Why will you ask the question?  The CO wasn’t the one who told you, and as long as the CO has neither said nor done anything to cause you concern, I recommend being silent and continuing to accept orders.  Don’t ask a question if you don’t need to.  Don’t ask a question if you can’t stand the answer.  Leave well enough alone.  My two cents...


  7. If the options are separate CLINs, one modification can exercise both options.  The PoP, estimated cost, and fixed fee for each CLIN would remain unchanged.  Both options would be funded from the same pot of RDT&E money.

    After exercising the option as two CLINs as written with back-to-back PoPs, I suppose you could renegotiate the CLIN structure and merge those two CLINs into a single CLIN in the interest of efficiency, if both parties were agreeable.  You could probably negotiate it before exercising the options, as you are not affecting scope in any way.  But when you do exercise an option, it is a unilateral action based on the option terms as previously agreed by the parties.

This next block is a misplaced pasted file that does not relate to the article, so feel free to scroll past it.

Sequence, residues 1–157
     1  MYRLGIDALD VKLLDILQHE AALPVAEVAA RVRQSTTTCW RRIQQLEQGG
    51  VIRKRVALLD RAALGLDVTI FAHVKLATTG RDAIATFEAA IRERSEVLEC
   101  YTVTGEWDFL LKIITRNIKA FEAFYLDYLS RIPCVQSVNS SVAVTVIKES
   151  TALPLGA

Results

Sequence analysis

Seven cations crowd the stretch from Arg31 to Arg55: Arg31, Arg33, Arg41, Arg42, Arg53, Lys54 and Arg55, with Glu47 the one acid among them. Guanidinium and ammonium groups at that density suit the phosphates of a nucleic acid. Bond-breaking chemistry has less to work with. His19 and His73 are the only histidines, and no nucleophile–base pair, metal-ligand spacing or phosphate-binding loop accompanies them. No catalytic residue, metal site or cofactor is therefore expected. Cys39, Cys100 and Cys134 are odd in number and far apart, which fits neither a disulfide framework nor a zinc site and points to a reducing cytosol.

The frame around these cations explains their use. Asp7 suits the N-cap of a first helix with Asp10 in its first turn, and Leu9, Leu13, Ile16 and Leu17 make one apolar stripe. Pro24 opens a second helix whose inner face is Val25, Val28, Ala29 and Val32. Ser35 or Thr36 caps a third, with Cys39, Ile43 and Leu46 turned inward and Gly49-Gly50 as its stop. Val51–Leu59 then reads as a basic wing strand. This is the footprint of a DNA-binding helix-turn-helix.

8. It depends on (1) the culture of your organization; and (2) your own willingness to engage.

    I'm towards the end of my career, and I have had a lot of great experiences -- the 1102 series is very well-graded and has opportunities in every state and around the world.

    I made my work cool -- in most of my jobs, my willingness to engage was appreciated -- but in a few jobs, the organizational culture was a killer.  If you end up in a drudge office where your willingness to engage will cause others to hate you, you will want to transfer elsewhere.  You have to look for good assignments, and good opportunities in any office where you are assigned.

    Best wishes!


  9. It is not necessary to treat multi-year money like one-year money, but many organizations do it -- and because they do it, they lose the ability to tell the difference and they lose the flexibility that multi-year money affords.  Everyone becomes dumbed-down.  Then, when someone wants to use the flexibility that multi-year money affords, everyone else says it can't be done and will break the rules.  This isn't just your office -- this is pervasive throughout the federal government.

    The concerns you raise are valid concerns.  But there are legitimate workarounds.